Deadwood creation

Here is a selection of the deadwood working sometimes called carving but I rarely carve, I create by stripping, burning and blasting. I do use Dremels and Makita to remove bulk but the majority of the work is done slowly by hand. It’s important to me that the work I do is indistinguishable from the natural deadwood created by nature. Every one of these photos has some deadwood created by me contained in the image. Most of the trees are Taxus (Yew), there are some softwood trees such as Hawthorn but that’s usually done to hollow trees to give the appearance of age.

You can find more deadwood working HERE and HERE

Ankerwycke Yew 2500-year-old Tree

The National Trust’s oldest tree, this iconic 2,500-year-old (I think a lot older) yew is steeped in history. According to popular belief, it was beneath this tree that King Henry VIII courted Anne Boleyn, and some reports suggest that he even proposed in its shadow. While Magna Carta is said to have been sealed at Runnymede, there are those who argue that the event actually took place on the other side of the river, perhaps under this very yew.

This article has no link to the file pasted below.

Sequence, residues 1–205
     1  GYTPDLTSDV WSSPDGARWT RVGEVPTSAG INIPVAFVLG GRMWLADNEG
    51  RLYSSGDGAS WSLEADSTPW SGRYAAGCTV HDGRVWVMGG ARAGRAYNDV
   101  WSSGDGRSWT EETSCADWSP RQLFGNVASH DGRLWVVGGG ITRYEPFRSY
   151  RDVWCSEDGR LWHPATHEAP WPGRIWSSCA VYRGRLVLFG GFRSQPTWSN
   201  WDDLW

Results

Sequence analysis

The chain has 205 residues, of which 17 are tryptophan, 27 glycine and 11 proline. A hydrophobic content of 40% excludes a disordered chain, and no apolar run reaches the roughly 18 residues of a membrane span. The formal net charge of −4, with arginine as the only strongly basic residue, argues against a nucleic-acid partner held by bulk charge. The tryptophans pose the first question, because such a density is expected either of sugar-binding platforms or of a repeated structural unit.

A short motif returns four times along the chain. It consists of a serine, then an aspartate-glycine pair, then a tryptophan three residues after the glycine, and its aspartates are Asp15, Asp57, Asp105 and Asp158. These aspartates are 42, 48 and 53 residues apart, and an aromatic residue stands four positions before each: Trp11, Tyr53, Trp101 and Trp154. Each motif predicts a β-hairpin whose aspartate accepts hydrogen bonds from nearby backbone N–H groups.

Carolyn and I visited this amazing Yew tree earlier this year It’s a little out of the way, across a few fields, down an avenue of lime trees and across another field but well worth the journey, open all year round its not easy to find, only small signpost quite a way from where you can park.

 

Further work on a Yamadori Yew ‘Pagoda’ style

This tree was collected over 5 years ago, this is a tall thin English Yew (Taxus Baccata), it has a shari that runs from top to base. Its never been re-potted out of this washing up bowl and it is now ready. The first work was done in December 2017 you can see the blog post HERE, not actually styling but formulating the branch structure and foliage locations. No wiring, no styling no branch positioning, the tree was left to grow. All I will do over the next 12 months watch out for wire cutting into the branches. The tree will be re-potted in February 2020.